The Social Security Administration sets very clear guidelines from what SSI is and what SSDI is. SSI stands for Supplemental Security Income while SSDI stands for Social Security Disability Insurance. If you can’t distinguish between the two of them right now, you’re in for a treat. They are two very different programs, each with their own set of requirements.
Supplemental Security Income is strictly a needs-based income for people who don’t make a whole lot of money. It has nothing to do with disability, work history, or anything to do with your walk of life. Instead, it has to do with your financial need. Usually, people who qualify for SSI qualify for Medicaid, food stamps, and TANF – temporary assistance for needy families. The Social Security Administration sets pretty stringent eligibility requirements for Supplemental Security Income. For single people, your total net worth in assets must be under $2000 – for couples, this figure is set at $3000. Your income must be very limited to qualify.
SSDI is different. It is not considered income. Instead, it is considered insurance because its beneficiaries have contributed to the Social Security trust fund over their working years through their payroll taxes. Eligibility is set differently. Candidates for SSDI must be under the age of 65 and have earned enough qualifying “work credits.” It takes two years of being on Social Security Disability Insurance to become eligible for Medicare. On top of that, there is a five-month waiting period in it that is set. That means that the Social Security Administration will not pay any benefits for the first five months after you initially apply.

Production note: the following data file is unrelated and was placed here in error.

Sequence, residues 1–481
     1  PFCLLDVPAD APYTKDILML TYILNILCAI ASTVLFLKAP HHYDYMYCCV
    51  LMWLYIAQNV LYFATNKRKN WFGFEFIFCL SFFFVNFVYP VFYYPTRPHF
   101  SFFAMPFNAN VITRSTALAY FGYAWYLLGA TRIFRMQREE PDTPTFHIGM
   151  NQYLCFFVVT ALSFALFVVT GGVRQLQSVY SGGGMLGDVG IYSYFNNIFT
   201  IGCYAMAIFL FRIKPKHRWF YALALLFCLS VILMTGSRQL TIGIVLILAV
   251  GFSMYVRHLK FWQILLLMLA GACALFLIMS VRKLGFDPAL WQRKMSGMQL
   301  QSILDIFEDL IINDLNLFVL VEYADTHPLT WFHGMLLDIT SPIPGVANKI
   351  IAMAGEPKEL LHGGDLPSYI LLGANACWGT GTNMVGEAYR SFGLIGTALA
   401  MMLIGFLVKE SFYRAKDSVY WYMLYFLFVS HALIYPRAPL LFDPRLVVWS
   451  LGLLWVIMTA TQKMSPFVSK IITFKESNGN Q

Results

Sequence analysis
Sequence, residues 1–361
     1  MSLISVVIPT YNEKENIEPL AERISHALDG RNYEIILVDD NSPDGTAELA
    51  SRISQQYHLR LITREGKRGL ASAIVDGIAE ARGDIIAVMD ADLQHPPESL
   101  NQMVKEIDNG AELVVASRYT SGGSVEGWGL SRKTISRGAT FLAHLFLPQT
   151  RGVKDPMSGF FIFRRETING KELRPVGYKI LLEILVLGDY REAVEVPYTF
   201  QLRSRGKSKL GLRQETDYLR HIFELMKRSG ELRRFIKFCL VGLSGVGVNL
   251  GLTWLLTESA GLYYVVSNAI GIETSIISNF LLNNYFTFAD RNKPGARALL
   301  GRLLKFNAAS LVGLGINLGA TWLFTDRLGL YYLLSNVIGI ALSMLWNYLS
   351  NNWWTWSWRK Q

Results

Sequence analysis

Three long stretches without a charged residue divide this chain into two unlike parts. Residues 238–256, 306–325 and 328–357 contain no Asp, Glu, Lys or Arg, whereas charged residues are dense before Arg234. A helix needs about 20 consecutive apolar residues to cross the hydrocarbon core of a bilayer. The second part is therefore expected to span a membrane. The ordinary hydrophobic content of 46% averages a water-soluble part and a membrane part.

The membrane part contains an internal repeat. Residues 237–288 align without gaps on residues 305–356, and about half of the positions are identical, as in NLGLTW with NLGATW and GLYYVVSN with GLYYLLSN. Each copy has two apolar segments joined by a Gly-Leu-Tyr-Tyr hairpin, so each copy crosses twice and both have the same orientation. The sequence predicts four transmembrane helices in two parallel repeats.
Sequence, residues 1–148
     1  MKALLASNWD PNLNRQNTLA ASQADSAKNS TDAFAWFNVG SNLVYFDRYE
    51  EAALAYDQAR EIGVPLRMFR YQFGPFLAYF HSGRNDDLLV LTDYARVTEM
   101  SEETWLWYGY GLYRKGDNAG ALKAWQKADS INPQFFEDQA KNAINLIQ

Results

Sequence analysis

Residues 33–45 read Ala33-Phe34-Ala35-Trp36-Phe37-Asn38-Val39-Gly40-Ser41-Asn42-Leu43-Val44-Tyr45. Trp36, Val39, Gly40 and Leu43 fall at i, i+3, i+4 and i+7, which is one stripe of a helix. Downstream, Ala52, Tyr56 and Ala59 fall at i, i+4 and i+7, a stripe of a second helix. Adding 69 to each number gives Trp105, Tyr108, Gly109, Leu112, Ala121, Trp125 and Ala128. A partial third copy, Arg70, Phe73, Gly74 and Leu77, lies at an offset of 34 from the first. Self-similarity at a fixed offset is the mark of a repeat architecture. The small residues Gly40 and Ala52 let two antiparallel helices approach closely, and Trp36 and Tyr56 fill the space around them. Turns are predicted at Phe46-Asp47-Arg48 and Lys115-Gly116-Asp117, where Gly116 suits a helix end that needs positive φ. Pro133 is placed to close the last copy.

Because SSDI is considered a disability insurance, clauses for dependents are included. The disabled person’s spouse and children are eligible to receive partial dependent benefits. These are called auxiliary benefits. The catch for children is that the child must be over the age of 18 to be eligible to receive these benefits.
SSI and SSDI are very different. One is based on income need, and the other one is based on disability need. It might be tempting to wonder why someone who is not disabled is eligible to receive Supplemental Security Income. All it means that the person does not make enough money. The Social Security Administration manages both programs. As such, the process for applying for each program can be found on their website at http://fredlondonlaw.com/